So really, we were doing the things that we had done when we’ve experienced our other unfortunate circumstances dealing with line of duty deaths in the past, prior to exploring staff rides.
But in 2011, with the Blue Ribbon fatalities of Brett and Josh we had this “new” experiential learning tool, the staff ride. We saw the opportunity to take our learning a step farther than we had in the past. And we developed this staff ride with all of our fallen in mind.
I’m a little biased, but I think staff rides might be one of—if not our best—tool for experiential learning.
An important component that I’ve seen with staff rides in general, but especially on Blue Ribbon, is there’s a lot of healing. This staff ride has really helped give some people some closure. And I think it’s helped people personally and professionally as well as helping the overall organization.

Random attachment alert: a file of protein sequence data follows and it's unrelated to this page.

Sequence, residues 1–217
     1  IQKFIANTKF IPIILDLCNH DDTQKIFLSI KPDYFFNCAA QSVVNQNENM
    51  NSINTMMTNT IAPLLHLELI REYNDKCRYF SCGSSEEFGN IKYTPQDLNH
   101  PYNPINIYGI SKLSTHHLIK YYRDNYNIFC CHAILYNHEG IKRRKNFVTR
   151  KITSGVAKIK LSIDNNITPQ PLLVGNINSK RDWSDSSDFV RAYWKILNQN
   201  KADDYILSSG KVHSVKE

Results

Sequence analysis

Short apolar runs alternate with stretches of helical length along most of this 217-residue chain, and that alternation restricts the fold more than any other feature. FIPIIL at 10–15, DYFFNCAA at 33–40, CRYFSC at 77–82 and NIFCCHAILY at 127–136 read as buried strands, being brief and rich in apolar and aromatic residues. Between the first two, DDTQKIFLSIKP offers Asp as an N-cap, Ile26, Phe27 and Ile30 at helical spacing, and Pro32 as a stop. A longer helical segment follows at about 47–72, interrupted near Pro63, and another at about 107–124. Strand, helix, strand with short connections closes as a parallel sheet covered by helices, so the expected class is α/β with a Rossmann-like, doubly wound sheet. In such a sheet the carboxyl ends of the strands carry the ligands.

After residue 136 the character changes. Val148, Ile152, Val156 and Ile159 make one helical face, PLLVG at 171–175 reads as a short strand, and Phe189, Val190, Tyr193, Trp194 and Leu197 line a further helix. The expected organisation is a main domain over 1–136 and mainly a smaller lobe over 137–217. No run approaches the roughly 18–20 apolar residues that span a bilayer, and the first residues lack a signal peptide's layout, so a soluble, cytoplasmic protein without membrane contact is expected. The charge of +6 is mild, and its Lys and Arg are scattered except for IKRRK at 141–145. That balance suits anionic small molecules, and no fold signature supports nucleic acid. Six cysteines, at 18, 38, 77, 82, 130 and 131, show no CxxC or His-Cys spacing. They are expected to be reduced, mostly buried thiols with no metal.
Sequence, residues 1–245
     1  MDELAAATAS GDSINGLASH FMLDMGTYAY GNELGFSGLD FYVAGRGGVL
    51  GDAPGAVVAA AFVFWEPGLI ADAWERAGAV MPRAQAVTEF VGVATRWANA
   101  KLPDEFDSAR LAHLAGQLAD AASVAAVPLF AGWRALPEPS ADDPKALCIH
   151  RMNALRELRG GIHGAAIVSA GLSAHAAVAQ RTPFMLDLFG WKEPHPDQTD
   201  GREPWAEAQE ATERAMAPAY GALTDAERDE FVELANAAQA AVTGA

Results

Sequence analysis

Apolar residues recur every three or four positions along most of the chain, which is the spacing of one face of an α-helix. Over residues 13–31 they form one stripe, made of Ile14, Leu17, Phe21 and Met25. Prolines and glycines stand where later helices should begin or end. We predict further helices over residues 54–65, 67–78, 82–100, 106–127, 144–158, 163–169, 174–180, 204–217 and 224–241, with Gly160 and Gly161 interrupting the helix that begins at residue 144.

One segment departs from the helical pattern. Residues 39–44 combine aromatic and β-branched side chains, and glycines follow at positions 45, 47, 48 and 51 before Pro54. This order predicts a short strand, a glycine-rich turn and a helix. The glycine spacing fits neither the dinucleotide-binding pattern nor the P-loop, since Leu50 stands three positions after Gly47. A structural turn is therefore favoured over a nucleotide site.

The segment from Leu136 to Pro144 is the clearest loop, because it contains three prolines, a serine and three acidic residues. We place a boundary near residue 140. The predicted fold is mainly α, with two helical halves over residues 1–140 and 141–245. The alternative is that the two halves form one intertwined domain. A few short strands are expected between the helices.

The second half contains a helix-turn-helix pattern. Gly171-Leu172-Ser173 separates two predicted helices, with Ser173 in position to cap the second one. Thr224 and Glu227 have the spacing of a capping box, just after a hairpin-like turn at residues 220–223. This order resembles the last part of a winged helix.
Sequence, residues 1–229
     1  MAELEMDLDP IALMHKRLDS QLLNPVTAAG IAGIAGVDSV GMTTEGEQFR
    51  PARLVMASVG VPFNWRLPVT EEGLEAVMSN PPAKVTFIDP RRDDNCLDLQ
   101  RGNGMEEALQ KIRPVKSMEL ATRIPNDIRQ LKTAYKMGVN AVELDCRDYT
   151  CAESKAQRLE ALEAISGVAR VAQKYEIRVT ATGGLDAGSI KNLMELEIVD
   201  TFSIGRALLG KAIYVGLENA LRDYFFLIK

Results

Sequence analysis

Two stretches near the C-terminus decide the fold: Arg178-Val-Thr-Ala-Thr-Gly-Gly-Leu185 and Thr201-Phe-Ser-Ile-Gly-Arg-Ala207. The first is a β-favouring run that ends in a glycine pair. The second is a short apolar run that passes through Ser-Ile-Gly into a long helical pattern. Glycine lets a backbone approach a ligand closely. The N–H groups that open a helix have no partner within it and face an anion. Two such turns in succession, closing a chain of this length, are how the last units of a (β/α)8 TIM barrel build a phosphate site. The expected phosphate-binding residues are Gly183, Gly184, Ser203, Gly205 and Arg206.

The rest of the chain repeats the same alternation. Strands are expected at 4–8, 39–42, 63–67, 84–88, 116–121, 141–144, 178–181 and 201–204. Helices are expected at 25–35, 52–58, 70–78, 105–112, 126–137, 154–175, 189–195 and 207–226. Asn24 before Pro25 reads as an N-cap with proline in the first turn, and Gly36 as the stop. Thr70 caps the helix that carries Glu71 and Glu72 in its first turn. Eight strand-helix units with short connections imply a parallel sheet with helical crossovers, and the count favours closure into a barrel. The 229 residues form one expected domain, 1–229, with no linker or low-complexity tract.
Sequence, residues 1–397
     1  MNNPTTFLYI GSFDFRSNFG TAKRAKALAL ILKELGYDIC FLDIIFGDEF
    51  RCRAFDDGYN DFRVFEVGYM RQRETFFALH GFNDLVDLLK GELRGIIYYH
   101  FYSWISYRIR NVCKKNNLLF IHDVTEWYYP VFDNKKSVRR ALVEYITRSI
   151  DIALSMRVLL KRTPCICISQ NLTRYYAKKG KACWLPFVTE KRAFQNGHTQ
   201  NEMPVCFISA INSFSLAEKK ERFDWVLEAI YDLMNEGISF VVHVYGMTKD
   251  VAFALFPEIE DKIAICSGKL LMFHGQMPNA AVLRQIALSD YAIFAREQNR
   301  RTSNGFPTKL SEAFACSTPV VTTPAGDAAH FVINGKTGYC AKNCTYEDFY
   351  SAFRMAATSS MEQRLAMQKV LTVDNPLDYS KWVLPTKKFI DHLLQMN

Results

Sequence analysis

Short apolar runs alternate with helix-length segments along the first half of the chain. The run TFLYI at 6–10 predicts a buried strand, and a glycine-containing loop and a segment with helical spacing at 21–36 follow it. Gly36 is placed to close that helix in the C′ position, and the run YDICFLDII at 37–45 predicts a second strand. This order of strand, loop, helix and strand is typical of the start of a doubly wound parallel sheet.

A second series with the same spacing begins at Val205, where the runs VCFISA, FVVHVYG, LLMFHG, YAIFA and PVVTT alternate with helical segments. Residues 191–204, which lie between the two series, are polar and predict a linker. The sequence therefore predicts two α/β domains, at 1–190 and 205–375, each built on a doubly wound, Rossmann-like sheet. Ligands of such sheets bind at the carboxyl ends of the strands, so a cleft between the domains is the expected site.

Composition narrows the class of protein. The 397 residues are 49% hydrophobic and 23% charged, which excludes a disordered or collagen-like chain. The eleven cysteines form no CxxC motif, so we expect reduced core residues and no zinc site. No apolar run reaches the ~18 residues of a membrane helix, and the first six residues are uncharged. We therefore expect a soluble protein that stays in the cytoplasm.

When you’re facilitating during the staff ride and we’re talking about things, you suddenly see folks have this special moment—especially when you do the Integration piece.
Of course, the staff ride experience is different for each person who attends. But everybody ends up getting something out of it. And the healing seems to be one of the keys.
Alex: From your seat, what is a “learning opportunity” and how do we get better at seeing them?
George: I think learning opportunities are all around us. I’ll bring up Paul Gleason again. I love that “Leaders We’d Like to Meet” interview with Paul in the Wildland Fire Leadership Development program’s online toolbox. He talks about mindfulness. I think this is a concept that we don’t talk enough about. I think that there are always “lessons” all around us. We just have to be open and receptive to them.